right now I do 50% water changes at least once a week, along with vacuuming the bottom. like I said, they're both still very small right now.
<Fine. But Oscars grow very fast!>
also, I didn't realize that the Plecos were considered catfish...learn something new all the time I guess. :]
<Yes they are. In fact they belong to the Loricariidae, the biggest family of catfish, with some 800 species.>
as for the hardness of the water, I can't test it right now, but I'm pretty sure it's not suitable for them...as I said, it tastes awful.
<Taste has nothing to do with. You really do need the numbers. Tannin-stained soft water from the Rio Negro tastes pretty horrid, like swamp or a overbrewed cup of cold tea. But Amazonian fish love it!>
also, they do have to add some sort of salt softener in order to make it that useable.
<Precisely. Do not use this for the fish, and don't drink it either. The drinking water tap in the kitchen is probably not connected to the domestic water softener.>
so as you said, the salt's no good. thank you again, and please email me back if you have further suggestions. I'll have to look into bringing water from my mom's house across town for my changes.
it's nice soft water (very delicious well water, not like this other stuff), and they've been doing very well in it.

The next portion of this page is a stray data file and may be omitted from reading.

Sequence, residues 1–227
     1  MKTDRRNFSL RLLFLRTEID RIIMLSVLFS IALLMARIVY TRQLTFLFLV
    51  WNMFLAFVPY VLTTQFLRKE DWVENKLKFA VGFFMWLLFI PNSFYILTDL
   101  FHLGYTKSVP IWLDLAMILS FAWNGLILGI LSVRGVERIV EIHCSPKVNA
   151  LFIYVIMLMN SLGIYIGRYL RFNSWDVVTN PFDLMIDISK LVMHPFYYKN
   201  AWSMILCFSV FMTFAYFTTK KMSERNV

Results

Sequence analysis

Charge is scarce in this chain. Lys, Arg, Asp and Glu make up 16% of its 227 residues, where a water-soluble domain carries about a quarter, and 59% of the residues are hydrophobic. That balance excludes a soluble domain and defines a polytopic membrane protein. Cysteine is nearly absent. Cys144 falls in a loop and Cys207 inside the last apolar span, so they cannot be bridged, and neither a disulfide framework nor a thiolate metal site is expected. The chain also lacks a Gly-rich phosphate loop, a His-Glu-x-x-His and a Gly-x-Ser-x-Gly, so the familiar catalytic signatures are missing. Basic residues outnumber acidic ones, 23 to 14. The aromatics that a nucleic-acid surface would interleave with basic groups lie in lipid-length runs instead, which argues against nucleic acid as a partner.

<As expect. But conversely, hard water fish like Mollies and Goldfish would not do well in the soft water, and would love the hard water you have in the new house. It's all about horses for course. Instead of Oscars for
example, and pair of Nicaragua cichlids or a big Jaguar cichlid would be a great alternative. Just as pretty, but much more at home in liquid rock.
Actually, your Rhino Plec (Pterygoplichthys scrophus) should be okay in hard water; most of the other Pterygoplichthys species do okay in liquid rock, even if they don't actually prefer it. I've certainly kept Pterygoplichthys gibbiceps and Pterygoplichthys pardalis in hard water Central American cichlid aquaria.>
and I'll be sure to read that article (right now). thanks again,
<Cheers, Neale.>
p.s. -- sorry for no caps. I'm writing from my iPhone and it takes long enough to type as it is
<You're forgiven. Cheers, Neale.>
Sent from my iPhone
<Cheers, Neale.>
Re: Aquarium Question: Over-abundance of calcium/minerals in tap water?  6/13/10